The end of any excavation is usually an experience outside the normal routine of the dig; this seems to be especially the case in academic excavations, where many of the participants may have left prior to the final day due to other commitments. This was at least the case this year at the site of Teleac; a late Bronze Age hillfort in the Transylvanian region of Romania, run by the German Archaeological Institute in Berlin (DAI). I was taking part in the field school as a PhD student of the Forging Identities project.
On the last day on site we were down to a rather small team, which meant that I was the only student to go up to site, whilst the others stayed at base camp to finish tasks there, such as packing up the artefacts. I got a lift to site with the Bulgarian geomagnetics team; these guys were surveying the site with equipment that can detect differences in the magnetic field of the ground, which means that archaeological features such as ditches can be seen through their difference to the surrounding undisturbed soil. Since we arrived a little later than usual, we had missed the tractor which usually pulled all the equipment up to site; therefore we had to carry everything up the steep hill where the site is located by ourselves. This was facilitated by carrying the magnetometer without its case.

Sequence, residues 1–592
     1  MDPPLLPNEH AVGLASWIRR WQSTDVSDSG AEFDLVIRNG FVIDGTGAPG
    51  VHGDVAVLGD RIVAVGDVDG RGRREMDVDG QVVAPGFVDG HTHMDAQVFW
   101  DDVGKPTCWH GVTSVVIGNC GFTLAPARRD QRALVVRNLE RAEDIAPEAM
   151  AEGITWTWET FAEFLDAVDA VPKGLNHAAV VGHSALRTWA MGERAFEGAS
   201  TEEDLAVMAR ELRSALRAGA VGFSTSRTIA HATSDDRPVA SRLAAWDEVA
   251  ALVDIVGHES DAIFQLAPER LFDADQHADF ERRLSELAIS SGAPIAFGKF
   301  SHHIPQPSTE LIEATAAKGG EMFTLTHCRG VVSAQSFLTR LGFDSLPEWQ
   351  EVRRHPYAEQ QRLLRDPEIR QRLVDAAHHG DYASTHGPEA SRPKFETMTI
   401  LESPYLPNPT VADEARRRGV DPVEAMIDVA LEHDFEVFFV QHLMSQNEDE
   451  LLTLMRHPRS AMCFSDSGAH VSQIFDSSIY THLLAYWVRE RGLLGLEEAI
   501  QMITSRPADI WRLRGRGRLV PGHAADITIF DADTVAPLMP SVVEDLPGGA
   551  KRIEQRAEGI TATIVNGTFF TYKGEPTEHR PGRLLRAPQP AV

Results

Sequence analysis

Once I finally made it up the hill along the slippery, muddy track to the site, it had started raining pretty heavily. It was then my job to draw the section of a sondage; this means drawing the vertical face of the small but fairly deep trench we had dug in a corner of the overall excavation area, whose purpose had been to find out how deep the cultural deposits of the site went before reaching the natural, undisturbed soil of the hill below.
Once I had completed my drawings, I helped the local workmen (high school students earning a bit of holiday money by helping out on site) with back-filling the excavation area. This means putting back all the soil we removed over the course of the fieldwork, so that the site is protected until used again, and no animals or people can get hurt falling into the deeper parts of the trench.
Thanks to the rain, it was no longer possible for the tractor to safely make it back up the hill to collect us and the equipment, so we had a long, muddy walk back down the hill again, taking great care not to slip or fall.
Back at the home base, various final tasks were being completed in between power cuts caused by the thunderstorm…
After at last managing to find enough time between power outages to shower, it was finally time to pack my own things and have a last farewell drink with what was left of the team. The end of another good season, and for me – time to think about my journey to the next one!